The Prophet, sallallaahu ‘alaihi wa sallam, said: “A believer will be brought close to his Lord on the Day of Resurrection and (He will) envelop him in His Mercy, He will make him confess to his sins saying: `Do you remember (doing) this sin and that sin?’ He will reply, ‘My Lord, I remember.’ Then He will say: ‘I covered it up for you in the worldly life, and I forgive you for it today.’ Then the record of his good deeds will be handed to him.” [Al-Bukhari and Muslim]
The Messenger of Allah, sallallaahu ‘alaihi wa sallam, said: “He who loves to meet Allah, Allah loves to meet him; and he who dislikes to meet Allah, Allah abhors to meet him.” [Muslim]
Thus, one should combine fear of and hope in Allah The Almighty.
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Suffering in the path of Da’wah
Suffering is well-nigh an inescapable phenomenon for the Islamic movement of old and new, the reason being that Islam is a call to rebel against the institutions, thoughts and customs of ignorance (pre-Islamic era) in all its forms and shapes. This characteristic which distinguishes Islam has made the Islamic movement more susceptible to suffering.
Suffering is one of the most important factors of character-building and selection in Islam. Theoretic training may have no value as long as hardship and trial do not accompany it. Even faith is in need of suffering to probe its depths and measure its extents. Allah, the Most Exalted, Says in the Qur’an (what means):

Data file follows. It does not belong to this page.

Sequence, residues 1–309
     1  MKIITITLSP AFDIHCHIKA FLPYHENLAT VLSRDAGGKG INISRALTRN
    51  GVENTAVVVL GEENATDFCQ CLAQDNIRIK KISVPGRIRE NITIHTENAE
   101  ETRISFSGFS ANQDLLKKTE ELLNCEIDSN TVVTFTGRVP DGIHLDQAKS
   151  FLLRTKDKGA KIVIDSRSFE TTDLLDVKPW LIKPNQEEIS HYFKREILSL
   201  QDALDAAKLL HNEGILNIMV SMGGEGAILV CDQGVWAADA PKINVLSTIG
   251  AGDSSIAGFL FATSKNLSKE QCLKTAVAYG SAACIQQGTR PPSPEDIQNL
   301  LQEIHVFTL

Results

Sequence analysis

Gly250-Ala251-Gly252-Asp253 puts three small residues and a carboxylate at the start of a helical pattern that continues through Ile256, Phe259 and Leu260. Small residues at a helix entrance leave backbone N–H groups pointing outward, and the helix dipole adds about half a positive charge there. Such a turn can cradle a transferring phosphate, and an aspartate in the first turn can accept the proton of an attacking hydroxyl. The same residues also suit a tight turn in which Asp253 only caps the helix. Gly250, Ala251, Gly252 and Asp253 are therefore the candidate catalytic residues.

“And of the people are some who say, “We believe in Allah,” but when one [of them] is harmed for [the cause of] Allah, they consider the trial [i.e. harm] of the people as [if it were] the punishment of Allah. But if victory comes from your Lord, they say, “Indeed, We were with you.” Is not Allah most knowing of what is within the breasts of the worlds [i.e. all creatures]? And Allah will surely make evident those who believe, and He will surely make evident the hypocrites.” [Qur’an 29:10-11]
Thus, every claim must have its proof, and faith is a claim which needs proof. Steadfastness in times of hardship is a manifestation of faith and it is also the proof of its existence and its firmness. Almighty Allah Says (what means): “Do the people think that they will be left to say, We believe and they will not be tried? But We have certainly tried those before them, and Allah will surely make evident those who are truthful, and He will surely make evident the liars.….” [Qur’an 29:2-3]
Thus was the decree of Allah: that the truth should be in eternal conflict with falsehood, and every time a ray of light emerges, the forces of darkness gather to extinguish it. Allah, The Exalted Says (what means): “They want to extinguish the light of Allah with their mouths, but Allah will perfect His light, although the disbelievers dislike it.” [Qur’an 61:8]